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Term Definition
Vaccine Historically, a preparation of modified microorganisms or molecules derived from them used in prophylaxis against various infectious diseases. Novel vaccines use a modified immune system stimulant, implicated in a given disorder, in order to generate an immune response to that stimulant such that its pathological development, or related pathological developments, undergo immune surveillance and are prevented. "
Vaccinia (1) A localized skin infection caused by inoculation with the vaccinia virus that can move throughout the body in patients with inadequate immune systems. (2) A virus thought possibly to be a hybrid of two others called variola and cowpox, it is the agent used to induce immunity to smallpox (variola being the causative agent in smallpox).
Validated Target A drug target, usually a protein, that has been demonstrated by any of a variety of methods to have therapeutic potential.
Valproate Valproic acid or its sodium salt, it is an anticonvulsant used in the management of seizure disorders.
Variable Region The half of the antibody molecule that binds to its antigen.
Vascular Endothelial Growth Factor (VEGF) A growth factor known to be necessary for angiogenesis.
Vasculature The blood vessel network of a tissue, an organ, an organ system, or the body as a whole.
Vasopressor A substance that elevates arterial blood pressure by constricting blood vessels. These agents are frequently used in intensive care units when patients have refractory hypotension.
Vector In molecular biology, a vector is the carrier for DNA or RNA that allows the nucleic acid to be delivered and integrated into the target cell. A vector is itself usually made of DNA, containing sequences that instruct the target cell to maintain and replicate the vector and the DNA it is carrying.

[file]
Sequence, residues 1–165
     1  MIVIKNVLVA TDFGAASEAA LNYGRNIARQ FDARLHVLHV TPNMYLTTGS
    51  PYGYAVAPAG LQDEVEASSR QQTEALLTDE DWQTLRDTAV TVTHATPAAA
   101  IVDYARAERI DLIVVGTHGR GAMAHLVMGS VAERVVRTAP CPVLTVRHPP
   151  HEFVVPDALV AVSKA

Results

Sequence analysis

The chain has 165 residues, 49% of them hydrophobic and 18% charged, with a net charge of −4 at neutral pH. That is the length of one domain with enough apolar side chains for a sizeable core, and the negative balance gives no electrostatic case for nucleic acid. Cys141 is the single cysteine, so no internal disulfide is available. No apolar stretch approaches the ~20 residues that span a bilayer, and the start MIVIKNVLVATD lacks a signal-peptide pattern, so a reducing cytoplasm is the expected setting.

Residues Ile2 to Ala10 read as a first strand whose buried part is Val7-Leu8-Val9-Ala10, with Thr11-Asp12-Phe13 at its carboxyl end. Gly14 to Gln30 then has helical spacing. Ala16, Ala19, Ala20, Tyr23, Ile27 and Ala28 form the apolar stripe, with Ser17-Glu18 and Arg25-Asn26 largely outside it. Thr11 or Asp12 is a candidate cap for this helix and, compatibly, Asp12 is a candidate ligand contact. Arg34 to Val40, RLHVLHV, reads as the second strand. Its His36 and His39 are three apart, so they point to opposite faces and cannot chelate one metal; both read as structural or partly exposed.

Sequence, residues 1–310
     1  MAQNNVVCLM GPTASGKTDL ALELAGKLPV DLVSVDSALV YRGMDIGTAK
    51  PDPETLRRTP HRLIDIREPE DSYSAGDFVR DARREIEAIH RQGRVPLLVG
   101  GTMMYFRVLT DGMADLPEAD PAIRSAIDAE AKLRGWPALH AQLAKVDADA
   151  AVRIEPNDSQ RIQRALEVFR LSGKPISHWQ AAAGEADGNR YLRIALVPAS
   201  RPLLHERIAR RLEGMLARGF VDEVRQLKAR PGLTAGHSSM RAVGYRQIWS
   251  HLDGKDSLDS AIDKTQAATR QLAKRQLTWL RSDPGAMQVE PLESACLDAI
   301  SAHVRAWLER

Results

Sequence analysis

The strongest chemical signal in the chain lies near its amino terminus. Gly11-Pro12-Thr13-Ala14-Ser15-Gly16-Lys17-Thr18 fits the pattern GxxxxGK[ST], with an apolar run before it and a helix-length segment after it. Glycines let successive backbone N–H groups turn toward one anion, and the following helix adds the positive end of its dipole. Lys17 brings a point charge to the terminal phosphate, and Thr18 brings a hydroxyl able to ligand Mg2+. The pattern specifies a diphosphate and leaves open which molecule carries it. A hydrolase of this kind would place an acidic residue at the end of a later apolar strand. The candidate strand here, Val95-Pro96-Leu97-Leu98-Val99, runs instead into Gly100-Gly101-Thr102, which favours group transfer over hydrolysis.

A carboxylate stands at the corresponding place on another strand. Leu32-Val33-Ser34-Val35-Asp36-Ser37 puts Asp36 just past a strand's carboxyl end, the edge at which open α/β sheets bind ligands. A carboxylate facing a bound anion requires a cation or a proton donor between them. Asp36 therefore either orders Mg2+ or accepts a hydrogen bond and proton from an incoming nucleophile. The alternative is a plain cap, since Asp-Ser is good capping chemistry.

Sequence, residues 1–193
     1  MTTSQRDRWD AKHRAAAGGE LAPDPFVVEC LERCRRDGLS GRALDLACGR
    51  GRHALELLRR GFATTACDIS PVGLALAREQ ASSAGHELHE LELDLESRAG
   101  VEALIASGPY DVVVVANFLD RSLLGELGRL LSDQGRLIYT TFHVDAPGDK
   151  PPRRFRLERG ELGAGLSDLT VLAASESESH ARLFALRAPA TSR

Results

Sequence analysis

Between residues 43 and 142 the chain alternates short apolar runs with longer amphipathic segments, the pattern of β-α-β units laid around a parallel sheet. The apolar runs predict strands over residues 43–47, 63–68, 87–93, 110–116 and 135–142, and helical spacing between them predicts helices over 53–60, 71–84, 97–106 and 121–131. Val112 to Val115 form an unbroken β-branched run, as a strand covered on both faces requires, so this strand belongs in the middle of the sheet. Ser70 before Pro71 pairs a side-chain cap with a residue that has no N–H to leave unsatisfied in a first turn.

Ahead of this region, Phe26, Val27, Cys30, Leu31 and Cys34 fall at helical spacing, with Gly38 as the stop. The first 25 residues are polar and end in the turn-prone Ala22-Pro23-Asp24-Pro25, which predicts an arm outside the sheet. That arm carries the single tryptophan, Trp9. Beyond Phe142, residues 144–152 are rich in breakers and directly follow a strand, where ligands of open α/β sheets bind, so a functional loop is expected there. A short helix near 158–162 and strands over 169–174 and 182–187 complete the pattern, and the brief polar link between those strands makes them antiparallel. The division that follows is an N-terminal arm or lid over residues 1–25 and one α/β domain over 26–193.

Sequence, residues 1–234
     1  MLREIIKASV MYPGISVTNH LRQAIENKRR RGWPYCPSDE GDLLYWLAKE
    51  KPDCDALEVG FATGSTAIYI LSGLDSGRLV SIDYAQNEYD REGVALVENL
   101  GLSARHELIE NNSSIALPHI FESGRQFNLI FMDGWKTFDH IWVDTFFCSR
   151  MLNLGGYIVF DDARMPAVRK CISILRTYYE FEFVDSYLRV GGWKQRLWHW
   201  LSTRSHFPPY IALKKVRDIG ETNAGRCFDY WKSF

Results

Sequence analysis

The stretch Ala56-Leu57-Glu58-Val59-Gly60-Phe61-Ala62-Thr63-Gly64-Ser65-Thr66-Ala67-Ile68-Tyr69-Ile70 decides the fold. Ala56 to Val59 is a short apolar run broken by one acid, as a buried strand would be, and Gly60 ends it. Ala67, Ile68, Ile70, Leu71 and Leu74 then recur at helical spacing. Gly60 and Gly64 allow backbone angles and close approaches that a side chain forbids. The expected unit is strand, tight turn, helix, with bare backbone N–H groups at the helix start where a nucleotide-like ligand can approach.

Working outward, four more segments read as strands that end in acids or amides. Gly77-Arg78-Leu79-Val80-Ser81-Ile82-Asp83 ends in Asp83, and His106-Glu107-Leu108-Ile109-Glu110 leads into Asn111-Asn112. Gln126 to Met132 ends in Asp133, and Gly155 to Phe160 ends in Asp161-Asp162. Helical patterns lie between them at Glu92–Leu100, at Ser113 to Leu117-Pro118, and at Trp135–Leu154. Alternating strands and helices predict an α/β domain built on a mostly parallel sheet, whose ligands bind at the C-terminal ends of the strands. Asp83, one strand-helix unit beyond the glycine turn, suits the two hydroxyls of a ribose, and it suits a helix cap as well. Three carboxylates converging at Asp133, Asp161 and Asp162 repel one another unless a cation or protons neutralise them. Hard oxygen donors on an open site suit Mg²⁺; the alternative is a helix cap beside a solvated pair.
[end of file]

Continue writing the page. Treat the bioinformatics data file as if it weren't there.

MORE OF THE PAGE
VEGF Vascular endothelial growth factor, a pro-angiogenic molecule.
Venous Insufficiency Failure of the veins to perform their physiologic roles. The most important dysfunction in this condition is their decreased effectiveness in carrying blood, from which oxygen has been extracted by tissues, back to the lungs to pick up oxygen.
Venous Thromboembolism (VTE) Aggregate of deep vein thrombosis and pulmonary embolism
Venous Ulcers Localized loss of a varying depths of skin and subcutaneous tissue typically occurring over or near the ankles, and possibly occurring at any area drained by incompetent or obstructed veins. Also known as venous stasis ulcers.
Viral Phage A virus that infects bacteria. Can be used in the laboratory to carry recombinant DNA.
Virus A non-cellular microbial entity that consists of a core of DNA or RNA enclosed in a coat of protein. The virus is not a cell, and can live and reproduce only by invading susceptible cells and commandeering the reproductive capabilities of that cell, causing it to reproduce viral progeny. Viruses can infect bacteria, plant and animal cells. Viruses can be modified to carry therapeutic genes for gene therapy.
Vitamin B2 Riboflavin
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